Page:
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What Are LIFO and FIFO?

What Are LIFO and FIFO?

Businesses use two main ways of accounting for their inventory. Here is an explanation of what they mean.

LIFO and FIFO are two ways that companies keep an account of their inventory. Inventory includes raw materials, materials half-completed, and finished products. Companies differ in how they keep track of what goes out to sale, what gets sold, and what remains. LIFO (Last-in, first-out) and FIFO (First-in, first-out) have their differences and advantages.


The Last-in, first-out method transfers goods by stocking batches in one order, and carrying them out in the reverse order. Picture four bricks priced in the order of $1 to $4. The $1 brick goes into the shelf first, with the $2 brick in front of it, and so on. When orders come in, it is the last brick in, the $4 one, that will go out first. This can be seen in grocery stores, in which shelves are stocked with a row deep of items, and customers take the items out what is available closest to them.

The fincancial result of this form of inventory transfer is that at the end of the day, whatever is left over will have the price of the first items, that is, the cheaper items. If half of the bricks are sold, the remaining worth of the LIFO bricks equals $3.


Meanwhile, the First-in, first-out method is like a continuous stream of products. Instead of a deep shelf, imagine that the four bricks are on a conveyor belt, in one side and out the other. The $1 brick goes in first and is sold first. Therefore, if half of the bricks are sold by the end of the day, the remaining inventory is worth $7, the combination of the $4 and $3 bricks.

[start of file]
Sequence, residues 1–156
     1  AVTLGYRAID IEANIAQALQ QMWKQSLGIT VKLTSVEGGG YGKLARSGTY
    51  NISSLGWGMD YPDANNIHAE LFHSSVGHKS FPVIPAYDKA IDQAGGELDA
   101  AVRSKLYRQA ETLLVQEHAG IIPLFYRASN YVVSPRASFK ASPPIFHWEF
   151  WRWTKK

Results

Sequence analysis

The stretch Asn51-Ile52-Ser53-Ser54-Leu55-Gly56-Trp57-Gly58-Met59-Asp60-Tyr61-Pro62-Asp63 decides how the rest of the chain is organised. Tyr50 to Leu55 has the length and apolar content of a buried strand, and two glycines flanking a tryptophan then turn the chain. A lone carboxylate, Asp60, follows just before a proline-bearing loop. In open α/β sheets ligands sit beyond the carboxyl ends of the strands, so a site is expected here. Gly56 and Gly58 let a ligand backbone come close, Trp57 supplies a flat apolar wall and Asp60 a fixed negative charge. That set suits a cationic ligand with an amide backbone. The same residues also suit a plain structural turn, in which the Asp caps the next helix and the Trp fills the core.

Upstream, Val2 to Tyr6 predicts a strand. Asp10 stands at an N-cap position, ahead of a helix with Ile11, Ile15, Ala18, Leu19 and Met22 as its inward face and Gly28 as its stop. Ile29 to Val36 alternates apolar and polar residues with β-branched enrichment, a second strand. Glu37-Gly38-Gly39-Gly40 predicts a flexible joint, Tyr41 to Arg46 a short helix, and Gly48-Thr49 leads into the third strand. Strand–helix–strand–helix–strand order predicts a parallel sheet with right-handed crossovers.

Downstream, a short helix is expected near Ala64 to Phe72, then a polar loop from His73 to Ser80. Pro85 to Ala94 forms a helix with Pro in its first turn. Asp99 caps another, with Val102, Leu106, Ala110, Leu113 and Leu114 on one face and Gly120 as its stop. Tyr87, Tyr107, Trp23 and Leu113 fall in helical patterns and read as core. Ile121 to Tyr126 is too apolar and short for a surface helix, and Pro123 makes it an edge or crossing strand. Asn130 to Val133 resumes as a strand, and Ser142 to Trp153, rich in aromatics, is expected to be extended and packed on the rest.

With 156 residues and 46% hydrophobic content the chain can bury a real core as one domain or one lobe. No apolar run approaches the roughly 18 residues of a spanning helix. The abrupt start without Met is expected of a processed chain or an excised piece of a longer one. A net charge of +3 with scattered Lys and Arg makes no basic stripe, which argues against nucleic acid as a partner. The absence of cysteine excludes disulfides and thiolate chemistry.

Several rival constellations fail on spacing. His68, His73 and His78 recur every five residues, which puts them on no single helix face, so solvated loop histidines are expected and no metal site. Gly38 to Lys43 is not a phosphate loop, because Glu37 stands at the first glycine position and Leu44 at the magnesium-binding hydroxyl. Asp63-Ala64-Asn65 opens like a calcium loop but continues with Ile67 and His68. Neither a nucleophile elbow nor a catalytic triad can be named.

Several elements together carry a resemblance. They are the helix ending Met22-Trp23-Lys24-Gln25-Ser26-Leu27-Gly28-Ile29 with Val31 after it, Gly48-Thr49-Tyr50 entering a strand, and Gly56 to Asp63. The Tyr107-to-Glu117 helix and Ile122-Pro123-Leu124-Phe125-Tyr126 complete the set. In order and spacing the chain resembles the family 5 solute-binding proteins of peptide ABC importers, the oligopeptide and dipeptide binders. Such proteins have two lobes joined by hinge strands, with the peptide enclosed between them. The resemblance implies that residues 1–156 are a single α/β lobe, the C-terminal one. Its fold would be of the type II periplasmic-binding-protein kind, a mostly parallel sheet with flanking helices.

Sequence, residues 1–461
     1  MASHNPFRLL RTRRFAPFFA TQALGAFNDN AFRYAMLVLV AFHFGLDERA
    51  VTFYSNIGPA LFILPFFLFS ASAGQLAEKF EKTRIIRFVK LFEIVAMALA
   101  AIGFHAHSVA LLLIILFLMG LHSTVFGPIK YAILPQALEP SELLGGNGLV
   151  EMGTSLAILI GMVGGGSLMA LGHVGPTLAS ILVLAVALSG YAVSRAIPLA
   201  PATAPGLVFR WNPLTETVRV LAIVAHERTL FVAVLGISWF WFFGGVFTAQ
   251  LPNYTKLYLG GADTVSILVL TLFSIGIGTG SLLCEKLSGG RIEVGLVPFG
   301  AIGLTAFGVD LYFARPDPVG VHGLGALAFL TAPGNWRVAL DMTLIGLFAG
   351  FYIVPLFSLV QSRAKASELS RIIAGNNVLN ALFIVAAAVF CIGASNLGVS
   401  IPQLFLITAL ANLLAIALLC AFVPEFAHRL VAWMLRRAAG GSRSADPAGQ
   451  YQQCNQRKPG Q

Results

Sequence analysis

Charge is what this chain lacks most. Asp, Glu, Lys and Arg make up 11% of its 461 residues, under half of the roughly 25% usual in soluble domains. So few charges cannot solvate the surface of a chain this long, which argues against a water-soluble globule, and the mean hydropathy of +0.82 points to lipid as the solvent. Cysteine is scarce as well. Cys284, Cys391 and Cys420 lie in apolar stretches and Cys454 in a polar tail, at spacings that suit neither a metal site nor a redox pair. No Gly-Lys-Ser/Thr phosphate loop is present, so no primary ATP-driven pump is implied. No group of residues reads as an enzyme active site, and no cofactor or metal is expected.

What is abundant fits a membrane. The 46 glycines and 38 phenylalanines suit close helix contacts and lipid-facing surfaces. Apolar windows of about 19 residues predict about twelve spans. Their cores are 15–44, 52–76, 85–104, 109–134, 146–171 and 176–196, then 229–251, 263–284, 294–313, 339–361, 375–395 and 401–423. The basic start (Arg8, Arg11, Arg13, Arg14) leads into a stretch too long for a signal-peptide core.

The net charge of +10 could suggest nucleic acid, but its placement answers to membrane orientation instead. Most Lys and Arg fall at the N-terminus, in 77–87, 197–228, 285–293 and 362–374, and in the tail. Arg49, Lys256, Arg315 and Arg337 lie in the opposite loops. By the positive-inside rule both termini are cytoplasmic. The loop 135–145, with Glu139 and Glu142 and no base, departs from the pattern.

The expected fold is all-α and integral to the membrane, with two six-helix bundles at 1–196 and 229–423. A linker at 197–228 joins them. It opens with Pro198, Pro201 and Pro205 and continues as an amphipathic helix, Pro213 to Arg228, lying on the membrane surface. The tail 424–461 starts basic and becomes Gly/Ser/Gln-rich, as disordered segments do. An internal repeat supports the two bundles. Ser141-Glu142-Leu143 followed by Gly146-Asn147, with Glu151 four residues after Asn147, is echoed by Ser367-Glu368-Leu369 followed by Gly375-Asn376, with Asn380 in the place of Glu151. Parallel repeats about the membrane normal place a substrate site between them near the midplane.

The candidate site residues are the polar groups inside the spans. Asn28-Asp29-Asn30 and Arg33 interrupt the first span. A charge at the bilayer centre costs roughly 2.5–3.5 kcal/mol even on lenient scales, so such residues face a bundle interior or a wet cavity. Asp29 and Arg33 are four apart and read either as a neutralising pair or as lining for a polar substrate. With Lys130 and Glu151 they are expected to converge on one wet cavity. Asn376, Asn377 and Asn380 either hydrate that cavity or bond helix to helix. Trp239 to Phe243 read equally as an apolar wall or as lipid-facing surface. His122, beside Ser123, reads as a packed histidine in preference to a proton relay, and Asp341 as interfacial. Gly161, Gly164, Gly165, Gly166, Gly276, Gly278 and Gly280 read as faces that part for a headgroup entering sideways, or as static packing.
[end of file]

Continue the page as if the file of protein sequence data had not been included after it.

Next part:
Main Differences

The reason that items coming in may be more expensive than the ones that entered before them is inflation. The LIFO and FIFO methods have opposite advantages and disadvantages during inflation and deflation. 

For example, the LIFO has a high Cost of Goods Sold (COGS), and so has a low tax, whereas FIFO has a low COGS and high tax during a time of economic inflation. This is flipped when the economy deflates. It is when COGS is low and tax is high that the company attracts investors.

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This entry was posted on Wednesday, July 31st, 2019 at 5:00 pm. Both comments and pings are currently closed.